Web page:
The Johannesburg Stock Exchange has had its worst third quarter performance in 9 years with a 5 per cent decrease since the end of June.

Steinhoff has been fined R53 million for misleading markets

Steinhoff disclosed the hole in its accounts in December 2017 which shocked investors and wiped more than 200 billion rand off its stock market value.

Why Steinhoff is barred from selling its shares in Tekkie Town

Bernard Mostert, former Tekkie Town CEO and current CEO of Mr.Tekkie joins CNBC Africa to disclose the reasons behind the judgement which stopped Steinhoff from selling its shares in Tekkie Town. The Judge finally ruled that Tekkie Town did and does not exist for debt servicing.

This fund manager never invested in Steinhoff, here’s why they won’t touch it

Is the grass finally greener for Steinhoff investors? Joining CNBC Africa for more is Zwelakhe Mnguni, Chief Investment Officer, Benguela Global Fund Managers.

Subscribe to our newsletter

Sign up for free newsletters and get more CNBC AFRICA delivered to your inbox

More from CNBC Africa

Does the Competition Competition have capacity to clamp down on COVID-19 profiteering?

As South Africa sees a surge in COVID-19 infections, consumers are increasingly faced with overpriced products on the shelves. The Competition Commission continues to receive complaints, from customers who are already feeling the pinch. The question is, does the Competition Competition have the capacity to clamp down on price gouging? Joining CNBC Africa for this discussion is Makgale Mohlala, Head of Cartels at the Competition Commission and Shawn van der Meulen, Partner at Webber Wentzel.

Uganda’s central bank may cap commercial bank interest rates

KAMPALA (Reuters) - Uganda’s central Bank (BoU) has threatened to cap the interest that commercial banks can charge borrowers, after the industry...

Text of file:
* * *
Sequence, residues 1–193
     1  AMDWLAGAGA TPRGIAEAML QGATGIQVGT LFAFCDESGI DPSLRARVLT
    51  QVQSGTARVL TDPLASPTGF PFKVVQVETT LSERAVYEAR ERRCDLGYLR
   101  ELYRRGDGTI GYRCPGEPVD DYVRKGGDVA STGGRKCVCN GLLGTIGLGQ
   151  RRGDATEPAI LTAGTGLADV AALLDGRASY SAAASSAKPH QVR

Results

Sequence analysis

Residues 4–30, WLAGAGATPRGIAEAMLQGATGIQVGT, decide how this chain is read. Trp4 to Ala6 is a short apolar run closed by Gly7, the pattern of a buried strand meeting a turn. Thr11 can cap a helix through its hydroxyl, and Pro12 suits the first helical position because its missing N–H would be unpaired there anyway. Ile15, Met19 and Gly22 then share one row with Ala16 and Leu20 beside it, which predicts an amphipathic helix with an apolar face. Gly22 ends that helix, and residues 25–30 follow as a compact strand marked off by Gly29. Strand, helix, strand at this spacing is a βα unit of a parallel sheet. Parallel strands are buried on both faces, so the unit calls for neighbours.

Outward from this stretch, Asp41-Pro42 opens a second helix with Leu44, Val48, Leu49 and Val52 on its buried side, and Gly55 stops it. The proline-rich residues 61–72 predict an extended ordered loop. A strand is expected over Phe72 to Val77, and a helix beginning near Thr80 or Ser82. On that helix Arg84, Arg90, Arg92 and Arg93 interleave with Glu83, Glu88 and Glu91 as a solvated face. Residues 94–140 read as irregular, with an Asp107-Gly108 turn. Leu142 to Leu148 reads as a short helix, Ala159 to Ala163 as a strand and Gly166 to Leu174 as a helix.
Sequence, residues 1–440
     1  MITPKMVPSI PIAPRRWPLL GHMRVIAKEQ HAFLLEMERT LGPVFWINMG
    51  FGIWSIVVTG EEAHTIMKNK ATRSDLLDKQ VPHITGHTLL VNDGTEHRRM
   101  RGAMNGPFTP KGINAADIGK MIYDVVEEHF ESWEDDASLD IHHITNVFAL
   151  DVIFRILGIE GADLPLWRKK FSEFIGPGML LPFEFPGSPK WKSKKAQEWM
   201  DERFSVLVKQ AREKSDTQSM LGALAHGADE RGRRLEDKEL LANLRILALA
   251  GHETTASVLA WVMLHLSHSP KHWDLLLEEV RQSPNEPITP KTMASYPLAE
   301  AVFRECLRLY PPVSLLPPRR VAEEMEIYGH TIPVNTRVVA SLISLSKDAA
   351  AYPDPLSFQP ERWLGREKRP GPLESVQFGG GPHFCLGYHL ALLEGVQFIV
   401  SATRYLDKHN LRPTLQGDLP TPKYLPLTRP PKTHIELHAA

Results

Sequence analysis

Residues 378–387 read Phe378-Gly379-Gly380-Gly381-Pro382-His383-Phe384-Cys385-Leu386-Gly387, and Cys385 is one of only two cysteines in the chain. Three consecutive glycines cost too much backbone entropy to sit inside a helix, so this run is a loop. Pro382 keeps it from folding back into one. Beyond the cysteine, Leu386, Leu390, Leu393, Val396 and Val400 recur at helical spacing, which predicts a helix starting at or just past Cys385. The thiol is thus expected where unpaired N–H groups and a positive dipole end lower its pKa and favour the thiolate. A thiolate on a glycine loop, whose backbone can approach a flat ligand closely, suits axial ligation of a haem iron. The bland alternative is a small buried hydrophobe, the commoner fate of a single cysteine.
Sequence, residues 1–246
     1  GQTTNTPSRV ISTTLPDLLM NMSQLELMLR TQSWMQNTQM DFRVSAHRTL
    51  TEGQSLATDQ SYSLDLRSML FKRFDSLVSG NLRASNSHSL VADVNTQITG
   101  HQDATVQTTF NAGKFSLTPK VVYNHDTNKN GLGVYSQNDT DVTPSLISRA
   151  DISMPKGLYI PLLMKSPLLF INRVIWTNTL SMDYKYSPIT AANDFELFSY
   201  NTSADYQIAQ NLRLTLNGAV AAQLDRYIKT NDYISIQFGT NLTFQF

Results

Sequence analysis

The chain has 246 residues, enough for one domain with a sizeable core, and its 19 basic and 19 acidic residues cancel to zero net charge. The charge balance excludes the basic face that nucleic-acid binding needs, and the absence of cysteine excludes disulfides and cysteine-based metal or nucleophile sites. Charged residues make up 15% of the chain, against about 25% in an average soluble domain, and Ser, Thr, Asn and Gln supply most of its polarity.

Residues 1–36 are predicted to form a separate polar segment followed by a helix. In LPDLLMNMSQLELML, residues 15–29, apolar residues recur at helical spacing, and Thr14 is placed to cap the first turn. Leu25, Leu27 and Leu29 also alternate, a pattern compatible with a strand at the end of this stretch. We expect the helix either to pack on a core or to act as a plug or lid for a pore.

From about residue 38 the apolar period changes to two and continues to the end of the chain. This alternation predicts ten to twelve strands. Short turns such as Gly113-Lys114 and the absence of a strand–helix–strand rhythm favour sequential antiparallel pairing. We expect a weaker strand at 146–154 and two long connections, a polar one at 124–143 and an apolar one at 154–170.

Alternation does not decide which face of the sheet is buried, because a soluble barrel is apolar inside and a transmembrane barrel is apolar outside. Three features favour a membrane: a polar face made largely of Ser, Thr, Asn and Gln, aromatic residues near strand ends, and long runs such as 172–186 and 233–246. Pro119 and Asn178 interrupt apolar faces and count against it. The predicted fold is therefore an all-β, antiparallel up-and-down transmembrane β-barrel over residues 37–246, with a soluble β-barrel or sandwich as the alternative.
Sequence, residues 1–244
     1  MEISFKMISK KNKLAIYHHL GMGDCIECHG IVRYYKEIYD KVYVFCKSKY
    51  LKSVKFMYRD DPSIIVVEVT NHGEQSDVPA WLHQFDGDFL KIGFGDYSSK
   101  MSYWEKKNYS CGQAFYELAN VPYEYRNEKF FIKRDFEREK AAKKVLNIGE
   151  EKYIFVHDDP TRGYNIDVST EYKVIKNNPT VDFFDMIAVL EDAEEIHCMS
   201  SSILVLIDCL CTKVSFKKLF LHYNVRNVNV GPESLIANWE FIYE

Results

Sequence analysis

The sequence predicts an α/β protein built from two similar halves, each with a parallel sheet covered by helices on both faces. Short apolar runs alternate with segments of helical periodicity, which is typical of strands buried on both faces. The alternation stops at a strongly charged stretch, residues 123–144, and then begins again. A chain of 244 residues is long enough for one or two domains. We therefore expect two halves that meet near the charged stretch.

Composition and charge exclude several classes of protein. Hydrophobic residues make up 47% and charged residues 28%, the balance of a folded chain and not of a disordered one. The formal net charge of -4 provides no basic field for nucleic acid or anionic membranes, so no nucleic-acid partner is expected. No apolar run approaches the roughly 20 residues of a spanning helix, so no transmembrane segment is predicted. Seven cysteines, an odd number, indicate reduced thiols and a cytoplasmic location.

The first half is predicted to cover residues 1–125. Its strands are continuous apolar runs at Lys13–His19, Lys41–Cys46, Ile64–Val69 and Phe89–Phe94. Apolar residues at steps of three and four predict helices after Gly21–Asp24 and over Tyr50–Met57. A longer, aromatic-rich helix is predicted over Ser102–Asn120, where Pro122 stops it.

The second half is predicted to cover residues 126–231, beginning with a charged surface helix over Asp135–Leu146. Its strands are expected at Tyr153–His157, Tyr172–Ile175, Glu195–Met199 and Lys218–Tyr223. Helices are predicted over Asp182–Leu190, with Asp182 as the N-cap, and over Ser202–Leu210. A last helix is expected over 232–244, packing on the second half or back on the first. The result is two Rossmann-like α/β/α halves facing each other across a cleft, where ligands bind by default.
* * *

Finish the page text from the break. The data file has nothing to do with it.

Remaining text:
Jambojet set to resume domestic flights on July 15

Jambojet gears up for local flight resumption; lower oil imports and higher tea exports spell current account improvement and the Central Bank invites bids for millions in treasury bonds. Journalist, Joseph Bonyo joins CNBC Afric for more.

Chamber launches business clinics to support women-led businesses

Rwanda’s women entrepreneurs arm under the private sector federation body has launched a series of business clinics with the aim of supporting women-led businesses affected by the Covid-19 pandemic. CNBC Africa spoke to Agnes Samputu, Executive Director of the Rwanda Chamber of Women Entrepreneurs for more.

Partner Content

Maktech’s Godwin Makyao: Now Is A Time of Entrepreneurial Opportunity in East Africa

As an executive decision-maker in both the telecommunications and tourism industries, Godwin Makyao could not have experienced a more diverse set of...

Sanlam launches urgent job-preservation initiative in response to COVID-19

Sanlam Investments is responding to the COVID-19 pandemic through large-scale support of the recovery of South African companies, from small enterprises to...

Trending Now

Africa urged to test more as coronavirus cases exceed 500,000

The African Union Commission said on Thursday it had launched a consortium for vaccine clinical trials to be headed by the Africa CDC, which aimed to secure more than 10 late stage vaccine clinical trials as early as possible.

Malawi’s new female cabinet ministers vow to push for jobs for women

Women now hold 39% of the ministerial and deputy minister roles in the cabinet appointed by Chakwera, 65, who unseated Peter Mutharika in a re-run presidential election last month, which compared to about 20% in the previous government.

Dow, S&P 500 end lower on fears over surging virus cases but Nasdaq hits record high

he Nasdaq hit another record high, however, helped by gains in Amazon.com (AMZN.O), Microsoft Corp (MSFT.O) and Apple Inc (AAPL.O).

Eskom goes after contractors over R4bn Kusile over-payment

One of the power stations that were meant to be the saviour of South Africa’s power supply is causing controversy, even before it’s in full working order. In an explosive letter, Public Enterprises Minister Pravin Gordhan named contractors that he says Eskom over-paid by R4 billion, in the construction of Kusile power station. Sikonathi Mantshantsha, National Spokesperson of Eskom joins CNBC Africa for more
- Advertisement -